Foster Grant was shucking sponsorships when Strominger called this year. “It was mutual attraction,” Potts recalls. “You could see the success Timex and Huffy have had.”

Another thing the licensees have in common is their willingness to create Ironman named products. Strominger says that part of the reason Gatorade left as official drink sponsor is because the company wouldn’t create an Ironman Gatorade drink. (The other reason was that Strominger decided against title sponsorships, effectively stripping Gatorade of its spot.)

Foster Grant is creating an Ironman line of sunglasses to debut next spring. In the meantime, the sunglass maker will use its age-old Who’s Behind Those Foster Grants campaign this fall. More than 19,000 athletes have finished the earlier Ironman races, and this year when the 20,000 person hits the tape, he or she might be used in a Who’s Behind campaign that celebrates the link to the athletic event.

“We want to get the buzz going,” Potts says. “I don’t know if it’s a campaign, but we want people to see the fire in (these athletes) eyes.” (al note: Ironic, considering sunglasses cover those eyes, huh?)

Huffy’s entering its third year with Ironman. It puts a significant amount of its spending, at least $4 million, behind the line because “there’s a lot of halo effect,” Hanson says. “We don’t view it as a one-day thing. The brand lives throughout the year.”

The bikemaker puts the Ironman name on its mountain bikes, although none of the racers uses such a bike for the open-road race. “They’re making it for a more casual audience,” Strominger says.

The granddaddy of licensees remains Timex. While the company doesn’t reveal sales figures, the line did nearly quadruple in growth between ’92 and ’95, says Sabatini. “It has become a very high, five-figure, multi-million dollar business,” he adds. The company backs that success by spending at least 40 percent of its marketing budget behind the line.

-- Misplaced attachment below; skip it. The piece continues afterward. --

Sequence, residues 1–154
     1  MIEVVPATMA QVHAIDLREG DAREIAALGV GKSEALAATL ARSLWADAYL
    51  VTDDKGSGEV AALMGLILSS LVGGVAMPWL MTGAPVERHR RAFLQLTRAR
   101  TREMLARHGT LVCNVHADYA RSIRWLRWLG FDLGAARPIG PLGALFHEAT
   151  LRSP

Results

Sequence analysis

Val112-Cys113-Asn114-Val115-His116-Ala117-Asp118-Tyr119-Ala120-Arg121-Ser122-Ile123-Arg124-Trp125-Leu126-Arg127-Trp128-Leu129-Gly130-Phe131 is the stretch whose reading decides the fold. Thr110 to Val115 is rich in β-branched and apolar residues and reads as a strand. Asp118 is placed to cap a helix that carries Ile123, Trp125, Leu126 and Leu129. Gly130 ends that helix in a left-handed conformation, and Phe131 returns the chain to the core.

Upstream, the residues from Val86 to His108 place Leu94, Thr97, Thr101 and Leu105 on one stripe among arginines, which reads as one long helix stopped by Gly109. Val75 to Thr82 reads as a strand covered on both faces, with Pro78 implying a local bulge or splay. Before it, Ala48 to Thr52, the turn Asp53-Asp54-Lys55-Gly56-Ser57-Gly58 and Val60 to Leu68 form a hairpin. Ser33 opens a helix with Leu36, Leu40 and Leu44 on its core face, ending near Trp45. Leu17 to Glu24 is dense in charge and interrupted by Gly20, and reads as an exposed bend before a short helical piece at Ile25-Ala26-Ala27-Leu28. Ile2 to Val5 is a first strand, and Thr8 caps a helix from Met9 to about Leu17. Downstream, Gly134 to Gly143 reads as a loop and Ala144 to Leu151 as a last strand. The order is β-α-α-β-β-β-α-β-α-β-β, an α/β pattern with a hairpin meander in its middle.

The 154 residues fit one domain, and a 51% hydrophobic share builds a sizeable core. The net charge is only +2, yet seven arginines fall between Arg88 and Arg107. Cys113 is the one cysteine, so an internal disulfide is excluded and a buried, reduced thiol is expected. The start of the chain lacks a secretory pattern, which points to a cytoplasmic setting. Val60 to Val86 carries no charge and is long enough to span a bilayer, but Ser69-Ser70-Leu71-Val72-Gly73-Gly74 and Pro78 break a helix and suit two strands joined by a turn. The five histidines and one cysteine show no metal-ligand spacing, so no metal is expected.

Timex started out by making the watch for the serious athlete, and then found that the same functions that made the line appeal to athletes, makes the watches attractive to more pedestrian customers. “Once we established the legitimacy with (high-level) athletes, then we could drive the volume down,” Sabatini says.

This year the company will run a sweepstakes giving away trips to this fall’s race and gear from Timex and Huffy. Consumers can enter by calling an 800 number with a UPC code off the watch box to see if they’ve won.

The promo will tie-in Huffy with an account-specific contest in Walmarts that gives away a bike for each participating store. Timex will support with TV ads and two national FSI drops reaching 60 million people.

First year sponsor Isuzu is using its sponsorship to make a big splash at the event. A perfect part of the automaker’s Go Farther campaign, Isuzu will unveil its Vehicross, the auto that’s literally a cross between an SUV and a sports vehicle.

This year, the company will select an athlete for the Go Farther award and the TV show will mark his or her progress through the race. While the racer won’t know if he or she is picked, viewers at home will be able to chart the athlete’s times. At the end of the race, the person will be given a Vehicross. The male and female winner of the race will win a year’s lease of the new vehicle.

The model will not even be for sale until spring, but the race exposure should stir up excitement, says Joe Fellona, Isuzu vp light vehicle marketing. A limited-edition Ironman Vehicross will also be for sale this spring.

Much like Timex, Isuzu senior vp and gm Bob Reilly says he hopes the new auto becomes a “technology platform” that attracts more attention to all Isuzu vehicles. The Vehicross will feature the latest in auto development, including carbon fiber door panels and a torque-on-demand traction system and the company’s most powerful engine.

(Al, a little too burned out for a cute ending. Can you help? The only thing i can think is, something about the athletes wishing they could used the car during the race. pretty lame)

Ironman has earned its reputation as an endurance sport in marketing circles as well as athletics. For sponsors, all bets are on.